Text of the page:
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Got a missed call from an unknown number? It might be spam, or it might be a genuine concern. The easy way to find out is if you have the new Truedialer app, made by the team behind Truecaller, a free caller identification app.
The app stands out from the crowded market of the best phone dialer apps on Android, of which Contacts+ is our current favourite. Truedialer’s approach is to integrate your phone book with a globally crowd-sourced phone book, so that it can fill in contact information that you are missing.
What Is Truedialer All About?
Truedialer’s feature list is quite cool, even for just a phone dialer app:
- Swipe left and right on the keyboard to switch between numeric and alphabetic, making it easy for you to dial a number or search for a contact. The numeric keypad also works as a T9 contact search, which some other phone contacts apps also offer.
- Above the keyboard, you’ll see a list of all the recent incoming, outgoing, and missed calls. If a number does not have a contact, Truedialer will search its database and provide a contact name for that number, as well as their location. You will need an active Internet connection for this.
- Similarly, when you dial a number, Truedialer will quickly search its database to give you a contact name.
- Swipe left on any contact to send them a text message. It’s a handy shortcut that some dialers already have, like the default Phone app in Samsung handsets.
- Swipe right on any contact to view their details. Here, you can also add a contact to your phone book. If a contact is in your phone book already, you can choose to edit their details.
- If a phone number has been marked as spam by several Truecaller users, you will be notified of that in a dark red message before the calls is placed, in case you want to play it safe and hang up.
Once you start using Truedialer, you might just realise how many calls you get from people you know, but don’t have them stored in your phone book. There are websites to identify people by phone numbers, but it’s obviously easier to have it right on your smartphone. Not only does it help you return those calls, but you can also quickly add those people without the worry of filling out appropriate information.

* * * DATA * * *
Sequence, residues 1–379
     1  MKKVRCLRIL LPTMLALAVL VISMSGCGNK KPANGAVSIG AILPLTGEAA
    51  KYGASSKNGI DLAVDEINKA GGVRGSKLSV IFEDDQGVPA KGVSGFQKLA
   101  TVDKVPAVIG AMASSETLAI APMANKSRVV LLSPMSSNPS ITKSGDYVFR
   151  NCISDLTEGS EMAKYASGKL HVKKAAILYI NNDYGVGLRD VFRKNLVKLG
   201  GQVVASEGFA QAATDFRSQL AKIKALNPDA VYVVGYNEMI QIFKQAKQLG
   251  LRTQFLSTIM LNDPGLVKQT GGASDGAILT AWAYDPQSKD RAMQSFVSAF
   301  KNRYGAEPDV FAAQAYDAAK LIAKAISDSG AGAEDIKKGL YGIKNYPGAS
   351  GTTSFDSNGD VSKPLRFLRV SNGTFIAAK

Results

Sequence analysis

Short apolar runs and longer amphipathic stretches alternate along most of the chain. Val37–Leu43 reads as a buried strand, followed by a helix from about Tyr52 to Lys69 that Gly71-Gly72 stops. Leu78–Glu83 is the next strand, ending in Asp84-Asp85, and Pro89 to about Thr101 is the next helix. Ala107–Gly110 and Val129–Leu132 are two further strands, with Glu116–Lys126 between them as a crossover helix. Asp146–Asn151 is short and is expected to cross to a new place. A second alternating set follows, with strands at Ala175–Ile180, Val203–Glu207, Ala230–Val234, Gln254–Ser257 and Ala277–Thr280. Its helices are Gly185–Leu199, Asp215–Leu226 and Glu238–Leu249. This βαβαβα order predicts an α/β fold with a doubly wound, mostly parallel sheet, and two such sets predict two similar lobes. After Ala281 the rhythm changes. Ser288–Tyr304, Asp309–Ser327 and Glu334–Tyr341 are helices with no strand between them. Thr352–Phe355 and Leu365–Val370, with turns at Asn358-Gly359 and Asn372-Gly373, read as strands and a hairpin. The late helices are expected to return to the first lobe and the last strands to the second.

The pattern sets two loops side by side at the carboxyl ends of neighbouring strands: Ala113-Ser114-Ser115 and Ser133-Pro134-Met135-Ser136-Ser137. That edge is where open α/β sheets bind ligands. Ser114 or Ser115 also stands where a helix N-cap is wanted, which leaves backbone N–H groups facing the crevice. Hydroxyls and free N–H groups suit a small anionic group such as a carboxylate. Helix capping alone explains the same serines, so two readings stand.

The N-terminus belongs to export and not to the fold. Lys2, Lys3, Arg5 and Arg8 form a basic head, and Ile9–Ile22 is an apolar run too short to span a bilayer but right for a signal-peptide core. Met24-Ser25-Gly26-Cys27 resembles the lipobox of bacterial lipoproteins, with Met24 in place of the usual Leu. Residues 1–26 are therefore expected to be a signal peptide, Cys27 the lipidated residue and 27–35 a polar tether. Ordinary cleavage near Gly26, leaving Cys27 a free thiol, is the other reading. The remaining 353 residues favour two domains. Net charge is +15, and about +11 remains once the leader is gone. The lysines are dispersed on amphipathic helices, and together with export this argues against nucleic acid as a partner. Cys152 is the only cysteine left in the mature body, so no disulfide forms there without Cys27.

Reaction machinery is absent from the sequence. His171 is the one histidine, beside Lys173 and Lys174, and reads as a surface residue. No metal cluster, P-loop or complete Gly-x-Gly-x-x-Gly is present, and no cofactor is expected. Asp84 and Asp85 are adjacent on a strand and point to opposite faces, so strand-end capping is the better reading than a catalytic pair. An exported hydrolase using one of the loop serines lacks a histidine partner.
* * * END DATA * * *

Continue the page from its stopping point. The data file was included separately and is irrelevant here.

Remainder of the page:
Where Truedialer Falls Short
Right now, Truedialer cannot become your default dialer on a phone, which makes it severely restrictive. To combat this, the developers have given a workaround of having a shortcut to Truedialer in your notifications bar, but it’s still not as convenient as making it default. You can work around this by choosing to always call from Truedialer, but there are small things that you will still miss. For example, you cannot dismiss missed calls directly from Truedialer. For that, you need to open the default phone app and dismiss them there.
A user on the Play Store points out that Truedialer also does not work well with dual-SIM phones. It dials only with the primary SIM and can’t make a call with your secondary number.
How Accurate And Safe Is Truedialer?
Truedialer uses the same crowd-sourced phone book as Truecaller, so the same privacy concerns apply here. It will take your contacts list and upload it to its server, so you have to be prepared for that. Yes, it seems like a violation, but if you want to use the numbers saved by others, you need to give back to the community.
In our tests, we found that Truedialer’s database is a little outdated. For example, we tried a phone number which was used by a person over a year ago for a short while, and has been used by a different business for the last year. Yet, Truedialer identifies it with the person, not with the business.
Should You Install Truedialer?
Personally, I quite like the app for its simplicity and the added functionality it provides. I often return to my phone to see several missed calls, often from people I don’t know, so to see who they are before I call is a welcome change. The app also looks pretty good and the T9 dictionary as well as the swipe-to-message features work flawlessly, which is a nice bonus.
If you get several calls from unknown numbers and habitually like to return calls that are important, the Truedialer app is a good way to save yourself from calling back telemarketers and such.
Truedialer is also available for Windows Phone, but the interface is significantly different and it lacks some of the features of the Android version.
Download: Truedialer for Android (Free) [No longer available]
What Do You Think Of Truedialer?
Apps like Truedialer raise an interesting question about privacy. Would you be willing to give out your own contacts to gain access to the world’s phone books? Where do you draw the line in privacy?